6. Your range of motion is too short.

Don’t expect to feel much in your abs if your range of motion is limited. A basic floor sit-up is probably about 60-70% of the full range of motion your abs are capable of.


Fix it: Like time-under-tension, range of motion plays a huge role in working and breaking down a muscle. If you’re going to do crunches, consider doing them on a Swiss ball, which will allow you to stretch your abs more than you’d be able to when on the floor. And consider other exercises that allow for a bigger range of motion, such as hanging leg raises.

7. You’re not exhaling enough

One of the functions of your abs is to assist in exhalation. If you want to maximise ab contraction whilst doing ab exercises, you should try to full exhale through the concentric part of the movement (on the way up in a crunch, for example).

Ab Wheel Roller

Ab Wheel Roller

Super cheap and very useful Ab roller exerciser. It is a must as a part of your own gym equipment.

Why Does My Back Hurt When I Do Abs?

One of the most common complaints from people who work out in the gym is why their back starts to hurt when they are training their abdominals. Mostly, people experience backache while doing leg raises and the plank.

Experiencing back pain while working your abs isn’t ideal. Still, it doesn’t mean you should give up doing the plank as this is a very valuable exercise as it specifically works the anti-extension properties of the abdominals. Something that is missing from most abdominal exercises.

Leg raises also challenge the lower abs, which are not fully targeted by other abdominal exercises. The lower abs are the weakest area of the abdomen because they are not commonly engaged during your typical range of movement in your normal day. It can help to add some strength training in the form of leg raises to add balance to an area of your abdominals that are vastly underused.

How the abdominals protect the spine

The abdominals help to prevent spinal extension. Having strong abs will pull the pelvis into proper alignment, which helps avoid any anterior pelvic tilt that puts pressure on the spine. You can often spot people with an anterior pelvic tilt as their bottom will stick outwards and upwards, similar to that of a duck’s tail.

For these people, performing the plank or leg raises will cause pain in their back because they will feel tremendous tension on their lumbar spine. They will perform leg raises and plank exercises without tilting their pelvis forward, resulting in an over-arc in the lumbar spine and a hunched thoracic spine, causing back pain.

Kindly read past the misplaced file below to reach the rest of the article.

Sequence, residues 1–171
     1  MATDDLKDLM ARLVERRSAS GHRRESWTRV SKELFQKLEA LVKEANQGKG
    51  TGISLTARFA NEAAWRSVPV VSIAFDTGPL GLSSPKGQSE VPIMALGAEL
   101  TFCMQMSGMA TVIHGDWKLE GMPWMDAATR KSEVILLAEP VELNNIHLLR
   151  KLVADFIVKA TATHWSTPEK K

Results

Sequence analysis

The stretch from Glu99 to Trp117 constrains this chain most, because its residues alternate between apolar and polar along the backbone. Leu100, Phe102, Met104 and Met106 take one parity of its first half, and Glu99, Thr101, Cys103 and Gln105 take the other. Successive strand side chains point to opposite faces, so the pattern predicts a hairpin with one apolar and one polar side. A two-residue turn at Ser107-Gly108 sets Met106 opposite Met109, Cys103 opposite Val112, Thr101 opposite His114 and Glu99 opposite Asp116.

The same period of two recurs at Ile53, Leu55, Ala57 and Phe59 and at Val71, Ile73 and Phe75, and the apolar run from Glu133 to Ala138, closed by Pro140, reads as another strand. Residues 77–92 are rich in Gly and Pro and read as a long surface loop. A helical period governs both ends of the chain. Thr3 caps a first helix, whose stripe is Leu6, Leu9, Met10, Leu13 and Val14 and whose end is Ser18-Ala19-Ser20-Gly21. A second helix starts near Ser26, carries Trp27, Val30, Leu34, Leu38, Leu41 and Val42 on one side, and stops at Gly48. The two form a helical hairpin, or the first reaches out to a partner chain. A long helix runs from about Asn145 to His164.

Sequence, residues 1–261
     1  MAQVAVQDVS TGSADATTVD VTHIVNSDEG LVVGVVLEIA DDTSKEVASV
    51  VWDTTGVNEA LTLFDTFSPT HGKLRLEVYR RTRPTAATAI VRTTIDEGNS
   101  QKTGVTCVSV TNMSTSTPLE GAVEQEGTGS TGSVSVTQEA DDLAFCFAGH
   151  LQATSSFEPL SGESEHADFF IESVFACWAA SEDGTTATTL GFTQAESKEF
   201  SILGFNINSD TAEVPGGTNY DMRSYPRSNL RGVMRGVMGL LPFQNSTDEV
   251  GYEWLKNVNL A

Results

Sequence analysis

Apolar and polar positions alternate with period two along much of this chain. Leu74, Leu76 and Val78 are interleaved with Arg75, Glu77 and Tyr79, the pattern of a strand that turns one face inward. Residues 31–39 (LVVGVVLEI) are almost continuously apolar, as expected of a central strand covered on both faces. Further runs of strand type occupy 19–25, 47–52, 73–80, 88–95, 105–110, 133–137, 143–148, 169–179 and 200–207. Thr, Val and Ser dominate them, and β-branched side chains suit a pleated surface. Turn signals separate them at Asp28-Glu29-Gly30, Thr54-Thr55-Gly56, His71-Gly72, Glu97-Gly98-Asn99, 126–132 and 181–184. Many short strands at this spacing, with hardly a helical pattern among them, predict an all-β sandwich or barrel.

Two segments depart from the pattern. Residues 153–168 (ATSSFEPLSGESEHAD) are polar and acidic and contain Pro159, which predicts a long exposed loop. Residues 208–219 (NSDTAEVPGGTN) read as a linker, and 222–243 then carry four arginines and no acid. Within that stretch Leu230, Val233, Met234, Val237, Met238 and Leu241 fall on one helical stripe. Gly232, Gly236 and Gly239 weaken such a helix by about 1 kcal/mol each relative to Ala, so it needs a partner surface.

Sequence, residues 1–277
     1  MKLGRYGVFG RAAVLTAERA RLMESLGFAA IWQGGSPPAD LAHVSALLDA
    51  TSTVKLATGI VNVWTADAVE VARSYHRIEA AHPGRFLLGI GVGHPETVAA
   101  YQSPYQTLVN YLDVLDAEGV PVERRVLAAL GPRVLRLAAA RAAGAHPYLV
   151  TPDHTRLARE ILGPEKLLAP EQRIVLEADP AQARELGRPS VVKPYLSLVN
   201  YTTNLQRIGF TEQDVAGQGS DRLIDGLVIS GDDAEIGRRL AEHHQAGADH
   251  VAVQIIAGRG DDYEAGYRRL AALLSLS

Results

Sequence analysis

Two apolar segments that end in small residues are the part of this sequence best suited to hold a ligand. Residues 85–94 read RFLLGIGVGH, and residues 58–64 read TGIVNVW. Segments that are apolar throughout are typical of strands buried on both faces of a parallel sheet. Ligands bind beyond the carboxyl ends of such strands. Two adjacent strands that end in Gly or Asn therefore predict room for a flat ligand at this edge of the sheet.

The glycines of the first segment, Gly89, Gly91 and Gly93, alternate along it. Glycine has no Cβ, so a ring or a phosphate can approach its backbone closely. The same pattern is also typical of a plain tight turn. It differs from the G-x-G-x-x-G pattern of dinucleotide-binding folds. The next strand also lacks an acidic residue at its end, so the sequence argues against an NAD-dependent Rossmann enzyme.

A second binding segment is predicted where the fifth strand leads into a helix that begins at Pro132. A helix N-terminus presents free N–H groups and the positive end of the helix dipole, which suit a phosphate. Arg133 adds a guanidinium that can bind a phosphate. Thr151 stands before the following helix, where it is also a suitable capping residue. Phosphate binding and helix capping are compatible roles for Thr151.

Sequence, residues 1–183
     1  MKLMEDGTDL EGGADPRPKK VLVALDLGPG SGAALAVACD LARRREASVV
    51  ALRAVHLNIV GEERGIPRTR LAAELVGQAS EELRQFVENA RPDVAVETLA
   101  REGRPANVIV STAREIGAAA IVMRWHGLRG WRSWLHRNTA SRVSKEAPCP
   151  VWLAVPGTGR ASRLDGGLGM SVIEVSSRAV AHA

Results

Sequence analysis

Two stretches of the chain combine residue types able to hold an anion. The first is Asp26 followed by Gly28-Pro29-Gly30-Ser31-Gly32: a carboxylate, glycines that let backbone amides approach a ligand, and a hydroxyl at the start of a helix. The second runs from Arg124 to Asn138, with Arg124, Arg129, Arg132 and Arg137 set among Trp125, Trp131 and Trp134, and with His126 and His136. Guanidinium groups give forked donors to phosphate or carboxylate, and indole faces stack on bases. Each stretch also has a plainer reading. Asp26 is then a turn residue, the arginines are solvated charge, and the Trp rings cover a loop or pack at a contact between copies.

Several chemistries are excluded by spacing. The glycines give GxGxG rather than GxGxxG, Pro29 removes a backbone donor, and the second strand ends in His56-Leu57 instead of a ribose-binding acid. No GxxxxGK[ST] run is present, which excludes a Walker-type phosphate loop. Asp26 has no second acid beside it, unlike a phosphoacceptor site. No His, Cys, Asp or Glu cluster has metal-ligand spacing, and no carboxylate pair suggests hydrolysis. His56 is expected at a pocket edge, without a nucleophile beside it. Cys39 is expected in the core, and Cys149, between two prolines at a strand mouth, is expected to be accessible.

Don’t rush your progress

It is common to feel some tension in your lower back while exercising your abs. However, if you do these exercises with correct spinal alignment and proper technique and still feel pain, then it may be that you are progressing through your exercise programme and pushing your abdominal training too quickly.

While it may hurt your pride to admit you need to take your training down a step, resolving back pain while working on your abs can often be this simple. Holding the plank for a shorter time and doing fewer leg raises will still work your abs, but it will not fatigue your spine or cause you back pain.

When performing leg raises, it can help to adjust your technique to take pressure off your lower back. This can be as simple as adding a slight bend to the knees or even returning to bent-knee leg raises until the issue resolves.

Restructure your lifting programme

It is essential to strike the right balance of exercises in the gym. You often see people neglecting the most important exercises that help improve your overall strength and will only work out to target what they see as their problem area – often their abdominals.

If your training programme is heavy on crunches, leg lifts and planks, make sure you include primal movement exercises that target your larger muscle groups and natural range of motion. Include deadlifts, hip thrusts and loaded carries to engage a whole range of supporting muscles. This ensures correct muscular balance and spinal alignment. If your spinal alignment is off, you can expect to feel back pain when training your abs.